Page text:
New Jersey v. Anderson, 1906, 203 U.S. 483, 27 S. Ct. 137, 141, 51 L.Ed. 284: "But we do not think the finding of the state board is conclusive. The tax is to be assessed upon capital stock actually outstanding. It may well be doubted whether the board had power to tax any other stock. But be that as it may, § 64a specifically provides that in case any question arises as to the amount or legality of taxes, the same shall be heard and determined by the court, with a view to ascertaining the amount really due. We do not think it was the intention of Congress to conclude the bankruptcy courts by the findings of boards of this character, and that the claim should have been upon the basis of the capital stock actually outstanding."
In the Matter of Missouri Pacific Railroad Company, Debtor, D.C., 1940, 33 F. Supp. 728, 730, 43 A.B.R.,N.S., 141:
"In brief filed by the State in connection with its motion to dismiss effort is made to escape the force of the Court of Appeals decision in this St. Francis Levee District case upon the ground that the claims of the Levee District, involved in that case, were not `taxes'. It will be observed, however, that throughout its opinion in that case the Court of Appeals referred to these claims as `taxes' and `tax liens'. And the Statute of Arkansas (sec. 4465, Pope's Digest *30 of Arkansas Statutes for 1937), which authorizes the assessments against property in the district for the construction of levees, refers to these assessments as taxes.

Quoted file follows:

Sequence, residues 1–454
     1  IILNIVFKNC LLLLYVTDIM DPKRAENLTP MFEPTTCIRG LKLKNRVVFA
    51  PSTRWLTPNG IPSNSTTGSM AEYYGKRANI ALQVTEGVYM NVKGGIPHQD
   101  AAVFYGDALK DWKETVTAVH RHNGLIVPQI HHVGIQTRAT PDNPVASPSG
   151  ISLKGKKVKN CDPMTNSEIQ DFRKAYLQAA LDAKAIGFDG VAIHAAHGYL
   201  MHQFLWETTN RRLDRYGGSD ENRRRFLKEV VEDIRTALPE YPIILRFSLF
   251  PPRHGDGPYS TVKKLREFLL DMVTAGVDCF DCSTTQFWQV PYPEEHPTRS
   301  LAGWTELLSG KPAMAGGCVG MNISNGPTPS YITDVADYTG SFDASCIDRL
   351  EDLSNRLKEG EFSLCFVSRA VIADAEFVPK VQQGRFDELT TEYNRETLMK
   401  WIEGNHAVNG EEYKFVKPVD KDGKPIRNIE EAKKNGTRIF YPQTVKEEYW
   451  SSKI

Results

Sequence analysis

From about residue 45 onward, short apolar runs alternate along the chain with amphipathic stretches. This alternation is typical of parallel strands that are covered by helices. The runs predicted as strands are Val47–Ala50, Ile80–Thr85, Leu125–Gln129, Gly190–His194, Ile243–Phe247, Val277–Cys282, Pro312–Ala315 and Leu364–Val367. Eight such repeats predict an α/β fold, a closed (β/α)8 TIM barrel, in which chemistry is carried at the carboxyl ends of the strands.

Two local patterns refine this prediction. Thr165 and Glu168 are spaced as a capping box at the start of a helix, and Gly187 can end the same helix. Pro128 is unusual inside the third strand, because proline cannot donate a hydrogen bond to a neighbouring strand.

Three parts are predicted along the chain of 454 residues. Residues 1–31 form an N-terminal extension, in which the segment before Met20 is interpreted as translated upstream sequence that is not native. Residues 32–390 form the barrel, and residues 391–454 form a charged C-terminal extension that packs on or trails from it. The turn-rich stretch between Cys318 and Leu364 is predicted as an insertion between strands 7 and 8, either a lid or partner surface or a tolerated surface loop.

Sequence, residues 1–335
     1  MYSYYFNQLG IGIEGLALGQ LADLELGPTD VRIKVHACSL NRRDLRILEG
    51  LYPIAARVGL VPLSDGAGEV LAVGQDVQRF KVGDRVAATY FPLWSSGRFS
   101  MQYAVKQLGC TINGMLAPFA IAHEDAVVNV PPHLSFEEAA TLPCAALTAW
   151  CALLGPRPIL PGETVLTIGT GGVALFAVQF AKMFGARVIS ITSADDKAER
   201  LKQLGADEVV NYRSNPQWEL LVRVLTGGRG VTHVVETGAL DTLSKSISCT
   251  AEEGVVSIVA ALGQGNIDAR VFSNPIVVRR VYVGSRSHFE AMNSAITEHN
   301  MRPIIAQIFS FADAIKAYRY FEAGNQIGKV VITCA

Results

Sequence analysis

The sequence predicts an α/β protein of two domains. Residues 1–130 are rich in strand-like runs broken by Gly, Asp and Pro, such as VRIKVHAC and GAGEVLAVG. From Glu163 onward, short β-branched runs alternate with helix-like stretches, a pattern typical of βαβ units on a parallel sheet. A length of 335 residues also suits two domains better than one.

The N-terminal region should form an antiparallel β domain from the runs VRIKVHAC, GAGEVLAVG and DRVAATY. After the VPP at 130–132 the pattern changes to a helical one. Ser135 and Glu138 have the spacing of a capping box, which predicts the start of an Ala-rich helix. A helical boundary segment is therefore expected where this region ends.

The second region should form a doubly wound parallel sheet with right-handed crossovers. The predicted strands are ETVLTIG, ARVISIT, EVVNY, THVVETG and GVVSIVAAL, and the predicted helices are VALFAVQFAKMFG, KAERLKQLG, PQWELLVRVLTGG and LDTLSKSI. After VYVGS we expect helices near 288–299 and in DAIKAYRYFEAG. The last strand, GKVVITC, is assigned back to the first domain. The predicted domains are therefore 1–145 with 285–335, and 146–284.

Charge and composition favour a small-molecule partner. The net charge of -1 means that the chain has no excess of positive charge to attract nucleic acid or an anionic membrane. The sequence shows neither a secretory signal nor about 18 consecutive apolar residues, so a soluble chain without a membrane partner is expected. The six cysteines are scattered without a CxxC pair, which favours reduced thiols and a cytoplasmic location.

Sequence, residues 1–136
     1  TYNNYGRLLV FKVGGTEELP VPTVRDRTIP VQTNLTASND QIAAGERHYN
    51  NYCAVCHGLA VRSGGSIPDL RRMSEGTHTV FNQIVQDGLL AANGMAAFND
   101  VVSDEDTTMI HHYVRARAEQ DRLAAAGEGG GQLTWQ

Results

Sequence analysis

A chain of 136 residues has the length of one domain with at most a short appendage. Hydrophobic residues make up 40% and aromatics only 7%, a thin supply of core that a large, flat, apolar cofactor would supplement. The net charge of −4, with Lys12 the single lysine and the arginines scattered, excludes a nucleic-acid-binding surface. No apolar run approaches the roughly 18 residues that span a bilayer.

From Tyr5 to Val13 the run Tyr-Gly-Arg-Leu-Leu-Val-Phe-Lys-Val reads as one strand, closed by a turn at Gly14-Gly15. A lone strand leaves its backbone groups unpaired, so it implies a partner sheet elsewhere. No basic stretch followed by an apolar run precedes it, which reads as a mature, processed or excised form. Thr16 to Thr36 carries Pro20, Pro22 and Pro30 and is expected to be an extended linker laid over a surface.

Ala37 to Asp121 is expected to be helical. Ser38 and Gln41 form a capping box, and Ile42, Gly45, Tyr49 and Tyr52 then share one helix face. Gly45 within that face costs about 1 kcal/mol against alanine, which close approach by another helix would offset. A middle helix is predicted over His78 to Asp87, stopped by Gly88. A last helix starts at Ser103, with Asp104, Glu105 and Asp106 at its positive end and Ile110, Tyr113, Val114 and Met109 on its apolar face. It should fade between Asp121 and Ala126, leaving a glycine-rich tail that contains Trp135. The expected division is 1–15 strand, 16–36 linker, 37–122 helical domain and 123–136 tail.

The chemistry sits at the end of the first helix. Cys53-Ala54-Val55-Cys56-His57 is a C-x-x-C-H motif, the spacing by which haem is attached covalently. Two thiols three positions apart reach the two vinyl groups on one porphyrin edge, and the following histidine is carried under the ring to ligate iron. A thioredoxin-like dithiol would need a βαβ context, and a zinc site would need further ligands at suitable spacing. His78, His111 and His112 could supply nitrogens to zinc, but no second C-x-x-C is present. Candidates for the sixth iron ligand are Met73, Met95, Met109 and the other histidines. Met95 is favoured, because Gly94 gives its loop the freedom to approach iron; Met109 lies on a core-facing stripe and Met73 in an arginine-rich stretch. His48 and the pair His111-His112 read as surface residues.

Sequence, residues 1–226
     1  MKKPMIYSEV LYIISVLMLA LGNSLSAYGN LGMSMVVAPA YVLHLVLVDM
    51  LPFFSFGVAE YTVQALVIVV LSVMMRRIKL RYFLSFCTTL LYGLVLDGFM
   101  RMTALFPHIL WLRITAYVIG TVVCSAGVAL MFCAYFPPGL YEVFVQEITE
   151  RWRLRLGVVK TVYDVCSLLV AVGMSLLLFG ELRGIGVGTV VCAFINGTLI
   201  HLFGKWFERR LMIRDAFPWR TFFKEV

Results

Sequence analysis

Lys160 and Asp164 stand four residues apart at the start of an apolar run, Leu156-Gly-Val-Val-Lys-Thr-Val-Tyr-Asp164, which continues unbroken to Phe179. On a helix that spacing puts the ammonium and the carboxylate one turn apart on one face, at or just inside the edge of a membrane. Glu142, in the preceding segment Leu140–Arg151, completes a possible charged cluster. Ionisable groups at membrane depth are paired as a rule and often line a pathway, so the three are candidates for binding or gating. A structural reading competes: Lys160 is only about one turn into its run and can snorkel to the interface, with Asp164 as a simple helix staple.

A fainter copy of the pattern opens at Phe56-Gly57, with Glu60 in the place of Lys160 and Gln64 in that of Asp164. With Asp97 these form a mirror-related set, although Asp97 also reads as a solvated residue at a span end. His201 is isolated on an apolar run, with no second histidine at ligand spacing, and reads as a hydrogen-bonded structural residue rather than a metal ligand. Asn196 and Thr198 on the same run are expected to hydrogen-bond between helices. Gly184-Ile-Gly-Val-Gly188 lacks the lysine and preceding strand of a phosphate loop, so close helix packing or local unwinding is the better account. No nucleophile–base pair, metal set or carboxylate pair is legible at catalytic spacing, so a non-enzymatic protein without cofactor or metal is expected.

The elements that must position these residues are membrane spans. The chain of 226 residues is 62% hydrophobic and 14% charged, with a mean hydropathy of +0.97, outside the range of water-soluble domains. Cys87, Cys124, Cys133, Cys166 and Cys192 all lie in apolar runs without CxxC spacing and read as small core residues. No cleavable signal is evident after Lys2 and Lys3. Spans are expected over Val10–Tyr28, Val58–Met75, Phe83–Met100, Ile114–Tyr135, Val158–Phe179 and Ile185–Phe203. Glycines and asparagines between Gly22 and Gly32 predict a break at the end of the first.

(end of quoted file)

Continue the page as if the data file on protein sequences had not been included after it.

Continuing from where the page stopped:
"It is true that in the present case there are not found the `numerous suits' to which the Court of Appeals refers in the St. Francis Levee District case as pending upon the levee taxes there involved. However, in the present case there exist tax liens upon the trustee's property in some 51 counties in the State of Arkansas, based upon the assessment made by the Corporation Commission. This Court must ultimately pass upon the validity of those liens and is expressly directed by Section 64, sub. a, to order the payment of all taxes legally due. And the same section commits to the Bankruptcy Court the jurisdiction to hear and determine the validity of any tax asserted against the bankrupt estate which may be in dispute.